Latest update to this page: January 2013
This is my home-built trailer using classic and modern building techniques and style. Based on traveler’s and “gypsy” wagons from Britain and France as well as sheep wagons from the western U.S. I am keeping this to the absolute minimum in size and weight. I don’t plan to live in it full-time so it can be thought of a base camp. I have mulled it over for a very long time and was torn between this style and a teardop design. Each have advantages but this just seems to suit me better.
Shown below is the chronology of the build from beginning to almost the present condition. The build is posted here with some details, descriptions, and lots of questions & answers on the Instructables website.
I can safely say that plans for this wagon began to formulate about six or seven years ago. After reading “The English Gypsy Caravan” I was very impressed by this type of wagon as it evolved in the nineteenth and early twentieth centuries. Though not designed by the travelers themselves, they were being catered to by a few ingenious builders in Britain. Parallel to this, the Continentals and Americans were creating their own versions of rolling homes in the form of Conestogas, Roulettes, Sheepherder’s, and Showman’s wagons. I read all I could about this but, until recently, there was little on the internet on this subject. I sifted old “Popular Mechanics” type articles and read what I could find about early home built RVs. My final design is certainly not perfect but fit within the very tight parameters I set for myself, including budget. Small, light, and relatively cheap were important as were ascetics and traditional building techniques. Unlike modern RVs where people may spend large quantities of time inside the structure, I want this to be used more like early pioneer or “Gypsy” wagons where most of the actual living is done “outside”. The teardrop RV community has taken this to heart, often with a very modern and high-tech design, including microwave ovens, television and entertainment centers, and very modern kitchens.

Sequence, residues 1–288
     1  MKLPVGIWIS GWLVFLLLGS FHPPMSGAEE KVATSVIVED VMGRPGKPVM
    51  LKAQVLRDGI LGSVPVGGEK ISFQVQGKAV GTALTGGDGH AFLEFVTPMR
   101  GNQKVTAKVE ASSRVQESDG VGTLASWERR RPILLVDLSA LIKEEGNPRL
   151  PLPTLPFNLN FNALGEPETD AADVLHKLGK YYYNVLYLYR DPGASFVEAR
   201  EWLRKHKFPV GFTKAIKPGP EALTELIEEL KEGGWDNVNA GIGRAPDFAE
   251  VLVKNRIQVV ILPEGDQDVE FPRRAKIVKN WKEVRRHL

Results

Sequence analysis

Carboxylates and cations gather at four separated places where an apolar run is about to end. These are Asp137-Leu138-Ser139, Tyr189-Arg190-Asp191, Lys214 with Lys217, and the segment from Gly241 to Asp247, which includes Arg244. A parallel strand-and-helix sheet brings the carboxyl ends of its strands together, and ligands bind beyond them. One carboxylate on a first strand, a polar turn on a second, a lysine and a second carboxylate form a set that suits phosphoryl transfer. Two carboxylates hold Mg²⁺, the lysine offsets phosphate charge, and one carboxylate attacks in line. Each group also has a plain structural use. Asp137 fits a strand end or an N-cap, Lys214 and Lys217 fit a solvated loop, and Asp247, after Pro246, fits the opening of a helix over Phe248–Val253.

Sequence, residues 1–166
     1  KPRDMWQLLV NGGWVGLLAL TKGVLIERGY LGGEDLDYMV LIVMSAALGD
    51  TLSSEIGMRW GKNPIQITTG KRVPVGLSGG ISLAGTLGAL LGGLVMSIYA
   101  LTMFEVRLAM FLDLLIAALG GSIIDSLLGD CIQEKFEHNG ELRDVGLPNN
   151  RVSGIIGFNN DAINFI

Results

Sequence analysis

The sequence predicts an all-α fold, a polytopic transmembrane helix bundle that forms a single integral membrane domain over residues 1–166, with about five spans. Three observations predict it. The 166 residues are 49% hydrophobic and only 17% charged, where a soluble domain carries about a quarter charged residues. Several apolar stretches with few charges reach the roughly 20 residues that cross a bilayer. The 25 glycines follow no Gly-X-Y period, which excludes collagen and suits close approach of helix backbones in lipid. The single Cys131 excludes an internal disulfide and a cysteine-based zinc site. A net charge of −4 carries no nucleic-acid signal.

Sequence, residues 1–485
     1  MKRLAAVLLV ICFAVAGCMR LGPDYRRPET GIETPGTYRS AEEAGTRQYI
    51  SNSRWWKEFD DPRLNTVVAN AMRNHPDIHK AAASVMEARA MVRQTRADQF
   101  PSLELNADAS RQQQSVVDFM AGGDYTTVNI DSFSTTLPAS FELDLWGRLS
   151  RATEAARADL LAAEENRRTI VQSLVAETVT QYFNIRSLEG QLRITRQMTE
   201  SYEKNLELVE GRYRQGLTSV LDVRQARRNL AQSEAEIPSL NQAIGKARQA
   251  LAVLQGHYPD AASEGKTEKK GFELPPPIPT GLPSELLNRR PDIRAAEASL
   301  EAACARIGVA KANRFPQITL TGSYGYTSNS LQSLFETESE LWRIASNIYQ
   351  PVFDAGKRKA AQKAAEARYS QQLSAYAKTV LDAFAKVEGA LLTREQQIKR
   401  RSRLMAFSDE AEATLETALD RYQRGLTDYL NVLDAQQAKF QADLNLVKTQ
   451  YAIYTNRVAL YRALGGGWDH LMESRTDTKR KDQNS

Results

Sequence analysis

A few month and a few thousand miles of use helped determine the layout and location of small shelves, containers, and equipment around the wagon. In such a small space, every inch counts. A dedicated shelf was made for holding a Deitz lantern. This was a major decision as I was concerned about keeping an oil lantern in the living space. Outside storage boxes were added, giving safe and accessible locations for flammables, greasy pots, and set-up equipment.
Here’s a panorama of the inside from the doorway. Its difficult to get a good perspective through the camera lens. Below are few views around the interior.
And finally, a picture of the Tool himself. Happy building!